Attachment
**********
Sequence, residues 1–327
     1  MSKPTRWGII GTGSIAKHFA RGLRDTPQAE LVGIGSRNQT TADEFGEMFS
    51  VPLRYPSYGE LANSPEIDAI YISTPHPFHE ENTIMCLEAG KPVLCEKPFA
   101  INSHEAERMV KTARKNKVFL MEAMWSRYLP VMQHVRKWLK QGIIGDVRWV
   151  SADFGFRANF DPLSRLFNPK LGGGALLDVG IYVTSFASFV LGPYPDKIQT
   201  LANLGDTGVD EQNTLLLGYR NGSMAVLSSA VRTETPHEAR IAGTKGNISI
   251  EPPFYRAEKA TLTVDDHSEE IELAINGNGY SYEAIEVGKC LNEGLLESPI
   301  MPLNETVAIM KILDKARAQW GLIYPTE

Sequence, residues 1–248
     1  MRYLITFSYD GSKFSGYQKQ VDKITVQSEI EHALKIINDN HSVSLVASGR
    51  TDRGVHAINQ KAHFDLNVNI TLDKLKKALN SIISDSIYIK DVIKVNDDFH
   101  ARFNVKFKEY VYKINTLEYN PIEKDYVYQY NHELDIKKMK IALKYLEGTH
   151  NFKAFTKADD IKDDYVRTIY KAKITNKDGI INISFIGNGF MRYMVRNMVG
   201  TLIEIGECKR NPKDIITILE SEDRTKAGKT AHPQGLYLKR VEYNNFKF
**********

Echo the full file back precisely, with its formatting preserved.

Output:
Sequence, residues 1–327
     1  MSKPTRWGII GTGSIAKHFA RGLRDTPQAE LVGIGSRNQT TADEFGEMFS
    51  VPLRYPSYGE LANSPEIDAI YISTPHPFHE ENTIMCLEAG KPVLCEKPFA
   101  INSHEAERMV KTARKNKVFL MEAMWSRYLP VMQHVRKWLK QGIIGDVRWV
   151  SADFGFRANF DPLSRLFNPK LGGGALLDVG IYVTSFASFV LGPYPDKIQT
   201  LANLGDTGVD EQNTLLLGYR NGSMAVLSSA VRTETPHEAR IAGTKGNISI
   251  EPPFYRAEKA TLTVDDHSEE IELAINGNGY SYEAIEVGKC LNEGLLESPI
   301  MPLNETVAIM KILDKARAQW GLIYPTE

Sequence, residues 1–248
     1  MRYLITFSYD GSKFSGYQKQ VDKITVQSEI EHALKIINDN HSVSLVASGR
    51  TDRGVHAINQ KAHFDLNVNI TLDKLKKALN SIISDSIYIK DVIKVNDDFH
   101  ARFNVKFKEY VYKINTLEYN PIEKDYVYQY NHELDIKKMK IALKYLEGTH
   151  NFKAFTKADD IKDDYVRTIY KAKITNKDGI INISFIGNGF MRYMVRNMVG
   201  TLIEIGECKR NPKDIITILE SEDRTKAGKT AHPQGLYLKR VEYNNFKF